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Clayton Harris III and Eileen O’Neill Burke, Democratic primary candidates for Cook County state’s attorney, speak at their election night watch parties last Tuesday. The two are vying to replace Kim Foxx.

Clayton Harris III and Eileen O’Neill Burke, Democratic primary candidates for Cook County state’s attorney, speak at their election night watch parties last Tuesday. The two are vying to replace Kim Foxx.

Ashlee Rezin, Anthony Vazquez

City mail vote slices Burke lead over Harris to less than half a percentage point in state’s attorney’s race

Clayton Harris keeps chiseling away at Eileen O’Neill Burke’s lead in the race for Cook County state’s attorney as Chicago election officials continued counting mail-in ballots Sunday.

Burke’s slim lead over Harris was trimmed to 2,015 votes after more ballots from Chicago voters were tallied. Harris closed the gap with a net gain of 2,756 votes.

The two were separated by 4,771 votes after ballots were counted Saturday. Harris trailed by about 10,000 votes after Tuesday’s election.

Based on the unofficial count results, Burke is leading Harris, 50.19% to 49.81% overall, with thousands of mail-in ballots still to be counted in the city and suburbs.

Harris, a university lecturer, has maintained a narrow edge among Chicago voters, and Burke, a retired appellate court justice, has enjoyed a comfortable lead in the suburbs so far.

The Cook County election board has not released new numbers from its count of mail-in ballots from suburban voters since Thursday.

The Chicago Board of Election Commissioners on Sunday said there are 54,191 outstanding mail-in ballots that were sent out to voters yet to be returned, and officials don’t expect to receive them all.

About, 2,500 mail-in ballots will be processed and counted Monday, Chicago election officials said. The process should continue in much the same manner until the April 2 deadline. Updates to the totals are expected to be released each day. Election officials have said they will count any ballot that arrives by April 2, provided it was postmarked no later than Election Day.

On Saturday, city election officials unexpectedly announced that roughly 10,000 votes were added to the unofficial count. Max Bever, Chicago Board of Elections spokesman, said in a statement that he had mistakenly left out ballots received by mail Monday evening, the day before the primary, in the previous totals.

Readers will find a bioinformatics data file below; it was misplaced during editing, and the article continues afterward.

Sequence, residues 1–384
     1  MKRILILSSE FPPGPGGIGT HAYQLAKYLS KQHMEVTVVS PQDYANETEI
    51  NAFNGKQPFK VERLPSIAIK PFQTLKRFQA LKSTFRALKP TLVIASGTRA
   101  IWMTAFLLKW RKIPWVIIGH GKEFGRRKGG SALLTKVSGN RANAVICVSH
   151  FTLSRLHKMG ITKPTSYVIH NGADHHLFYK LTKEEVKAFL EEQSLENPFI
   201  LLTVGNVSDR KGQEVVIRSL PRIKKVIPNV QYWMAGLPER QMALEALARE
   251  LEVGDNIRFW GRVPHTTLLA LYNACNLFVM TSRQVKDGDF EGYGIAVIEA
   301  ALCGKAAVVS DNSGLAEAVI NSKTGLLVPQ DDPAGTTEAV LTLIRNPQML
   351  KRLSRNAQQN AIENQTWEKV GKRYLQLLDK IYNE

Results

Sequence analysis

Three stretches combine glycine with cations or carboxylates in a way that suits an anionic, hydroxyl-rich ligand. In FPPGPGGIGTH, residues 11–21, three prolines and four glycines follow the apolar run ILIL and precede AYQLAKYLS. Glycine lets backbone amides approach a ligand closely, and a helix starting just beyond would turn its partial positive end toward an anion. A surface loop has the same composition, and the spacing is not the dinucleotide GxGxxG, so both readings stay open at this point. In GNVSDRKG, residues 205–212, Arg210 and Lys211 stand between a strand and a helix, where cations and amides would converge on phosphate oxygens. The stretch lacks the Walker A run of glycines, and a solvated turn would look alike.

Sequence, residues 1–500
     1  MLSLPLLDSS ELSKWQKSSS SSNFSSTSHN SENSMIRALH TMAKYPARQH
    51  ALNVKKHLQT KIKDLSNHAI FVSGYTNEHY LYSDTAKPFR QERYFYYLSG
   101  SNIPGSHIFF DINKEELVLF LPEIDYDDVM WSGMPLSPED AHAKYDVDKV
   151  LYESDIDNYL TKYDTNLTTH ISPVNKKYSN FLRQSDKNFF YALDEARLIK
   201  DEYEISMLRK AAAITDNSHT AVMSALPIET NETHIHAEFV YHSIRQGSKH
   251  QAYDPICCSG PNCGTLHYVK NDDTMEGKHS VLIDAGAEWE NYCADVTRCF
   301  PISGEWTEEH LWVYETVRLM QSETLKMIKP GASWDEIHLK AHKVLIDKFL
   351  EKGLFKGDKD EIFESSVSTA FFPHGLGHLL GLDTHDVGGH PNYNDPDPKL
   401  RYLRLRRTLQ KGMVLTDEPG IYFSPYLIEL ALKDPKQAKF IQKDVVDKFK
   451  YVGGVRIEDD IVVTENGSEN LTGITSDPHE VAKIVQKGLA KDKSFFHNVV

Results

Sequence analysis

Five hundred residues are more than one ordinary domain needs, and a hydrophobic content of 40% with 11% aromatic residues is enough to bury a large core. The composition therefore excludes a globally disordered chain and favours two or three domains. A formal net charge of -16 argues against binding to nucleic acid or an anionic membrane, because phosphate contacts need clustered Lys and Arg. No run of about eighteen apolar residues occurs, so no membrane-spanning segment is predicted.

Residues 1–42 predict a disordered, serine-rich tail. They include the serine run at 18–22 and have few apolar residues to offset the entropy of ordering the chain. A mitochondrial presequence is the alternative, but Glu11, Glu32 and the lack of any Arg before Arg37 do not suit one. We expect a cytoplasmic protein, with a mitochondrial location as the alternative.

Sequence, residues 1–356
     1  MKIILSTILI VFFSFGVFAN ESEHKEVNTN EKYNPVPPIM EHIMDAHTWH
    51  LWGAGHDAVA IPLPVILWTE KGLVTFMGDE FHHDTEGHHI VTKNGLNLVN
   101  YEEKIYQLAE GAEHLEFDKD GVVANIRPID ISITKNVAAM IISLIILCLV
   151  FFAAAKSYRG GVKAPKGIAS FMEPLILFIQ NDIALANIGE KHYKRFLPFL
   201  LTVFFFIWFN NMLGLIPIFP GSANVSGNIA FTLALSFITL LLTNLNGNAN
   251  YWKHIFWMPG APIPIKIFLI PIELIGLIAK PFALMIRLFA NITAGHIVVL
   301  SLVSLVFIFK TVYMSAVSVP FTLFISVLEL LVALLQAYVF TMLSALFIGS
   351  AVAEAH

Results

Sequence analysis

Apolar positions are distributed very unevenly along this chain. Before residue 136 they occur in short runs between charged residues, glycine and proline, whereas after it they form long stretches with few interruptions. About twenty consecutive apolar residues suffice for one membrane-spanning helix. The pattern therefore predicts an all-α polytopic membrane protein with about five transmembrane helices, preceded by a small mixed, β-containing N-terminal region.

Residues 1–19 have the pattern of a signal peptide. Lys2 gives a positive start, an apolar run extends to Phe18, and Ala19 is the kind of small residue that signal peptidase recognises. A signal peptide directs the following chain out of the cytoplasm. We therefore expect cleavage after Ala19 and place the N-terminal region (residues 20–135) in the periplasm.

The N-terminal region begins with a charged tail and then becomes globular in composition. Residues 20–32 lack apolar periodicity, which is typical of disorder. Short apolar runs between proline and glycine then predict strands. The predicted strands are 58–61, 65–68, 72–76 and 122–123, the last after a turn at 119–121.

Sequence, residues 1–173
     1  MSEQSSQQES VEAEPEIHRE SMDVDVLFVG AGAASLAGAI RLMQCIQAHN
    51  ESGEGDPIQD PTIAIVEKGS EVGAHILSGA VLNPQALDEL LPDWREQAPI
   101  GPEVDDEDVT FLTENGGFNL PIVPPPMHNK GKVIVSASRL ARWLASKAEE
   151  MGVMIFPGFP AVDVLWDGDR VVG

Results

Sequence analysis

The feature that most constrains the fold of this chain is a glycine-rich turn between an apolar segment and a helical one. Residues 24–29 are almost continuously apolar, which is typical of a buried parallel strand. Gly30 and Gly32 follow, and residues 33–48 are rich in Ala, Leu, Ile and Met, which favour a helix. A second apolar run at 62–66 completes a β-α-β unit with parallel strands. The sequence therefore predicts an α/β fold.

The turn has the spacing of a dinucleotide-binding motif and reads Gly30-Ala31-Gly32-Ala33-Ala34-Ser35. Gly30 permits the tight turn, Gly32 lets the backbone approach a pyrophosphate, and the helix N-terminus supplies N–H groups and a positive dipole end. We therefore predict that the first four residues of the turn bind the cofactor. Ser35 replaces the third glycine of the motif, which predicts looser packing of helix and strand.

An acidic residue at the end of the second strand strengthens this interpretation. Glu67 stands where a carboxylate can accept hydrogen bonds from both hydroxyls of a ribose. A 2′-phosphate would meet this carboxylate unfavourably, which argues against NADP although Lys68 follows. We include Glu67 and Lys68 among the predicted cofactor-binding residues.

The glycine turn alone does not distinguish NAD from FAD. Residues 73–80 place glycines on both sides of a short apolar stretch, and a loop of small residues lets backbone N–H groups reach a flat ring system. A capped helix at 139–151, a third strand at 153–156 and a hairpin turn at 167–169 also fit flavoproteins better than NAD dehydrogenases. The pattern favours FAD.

“I traded speed for accuracy in reporting out numbers this week as quickly as I could,” Bever said. “I truly regret this error on my part and for the confusion that it has caused the voters of Chicago.”

Bever said those mail ballots were kept under lock and key until they could be verified.

Both campaigns were informed of the error, Bever said. Poll watchers for the two candidates were present during Sunday’s counting.

In a statement, Burke’s campaign said, “We have a vigilant team of volunteers, lawyers and retired judges who are watching the vote count process at the Board of Elections very closely.”

Alaina Hampton, Harris campaign manager, also said they were keeping a close watch on the process.

“As the votes are processed and the margin in this race continues to shrink, we are watching closely and evaluating our options,” Hampton said.

The county election board is processing suburban mail-in ballots separately. A spokesman for that board has said updated results were not expected until early this week.

The large number of mail-in ballots and the closeness of the race has kept a winner from being called. Neither campaign has claimed victory or conceded defeat, instead urging supporters to be patient and allow the democratic process to play out.

The current state’s attorney, Kim Foxx, announced last year she was not running for re-election. The winner of the Democratic contest will head into the fall general election as the overwhelming favorite over Republican Bob Fioretti.

The race between Harris and O’Neill Burke was viewed in many circles as a referendum on Foxx’s progressive policies, which have drawn criticism from the right as being soft on crime, and praise from the left as addressing generations of inequity in the criminal justice system.

Contributing: Matthew Hendrickson

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